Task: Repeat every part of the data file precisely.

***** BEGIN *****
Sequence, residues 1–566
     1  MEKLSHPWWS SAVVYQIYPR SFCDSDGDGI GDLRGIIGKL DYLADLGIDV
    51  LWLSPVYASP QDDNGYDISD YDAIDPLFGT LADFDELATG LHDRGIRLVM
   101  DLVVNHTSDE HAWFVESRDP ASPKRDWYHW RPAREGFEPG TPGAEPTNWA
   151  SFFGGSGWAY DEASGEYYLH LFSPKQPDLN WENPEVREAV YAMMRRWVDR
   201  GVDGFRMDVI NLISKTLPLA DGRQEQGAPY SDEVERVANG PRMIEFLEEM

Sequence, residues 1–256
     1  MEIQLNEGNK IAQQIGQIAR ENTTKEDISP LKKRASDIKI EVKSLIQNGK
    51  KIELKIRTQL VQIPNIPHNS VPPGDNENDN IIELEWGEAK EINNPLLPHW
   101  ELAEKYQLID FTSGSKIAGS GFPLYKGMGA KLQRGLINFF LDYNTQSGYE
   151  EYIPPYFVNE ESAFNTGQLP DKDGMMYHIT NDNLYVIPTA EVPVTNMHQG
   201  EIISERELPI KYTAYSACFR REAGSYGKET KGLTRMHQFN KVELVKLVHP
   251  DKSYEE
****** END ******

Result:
Sequence, residues 1–566
     1  MEKLSHPWWS SAVVYQIYPR SFCDSDGDGI GDLRGIIGKL DYLADLGIDV
    51  LWLSPVYASP QDDNGYDISD YDAIDPLFGT LADFDELATG LHDRGIRLVM
   101  DLVVNHTSDE HAWFVESRDP ASPKRDWYHW RPAREGFEPG TPGAEPTNWA
   151  SFFGGSGWAY DEASGEYYLH LFSPKQPDLN WENPEVREAV YAMMRRWVDR
   201  GVDGFRMDVI NLISKTLPLA DGRQEQGAPY SDEVERVANG PRMIEFLEEM

Sequence, residues 1–256
     1  MEIQLNEGNK IAQQIGQIAR ENTTKEDISP LKKRASDIKI EVKSLIQNGK
    51  KIELKIRTQL VQIPNIPHNS VPPGDNENDN IIELEWGEAK EINNPLLPHW
   101  ELAEKYQLID FTSGSKIAGS GFPLYKGMGA KLQRGLINFF LDYNTQSGYE
   151  EYIPPYFVNE ESAFNTGQLP DKDGMMYHIT NDNLYVIPTA EVPVTNMHQG
   201  EIISERELPI KYTAYSACFR REAGSYGKET KGLTRMHQFN KVELVKLVHP
   251  DKSYEE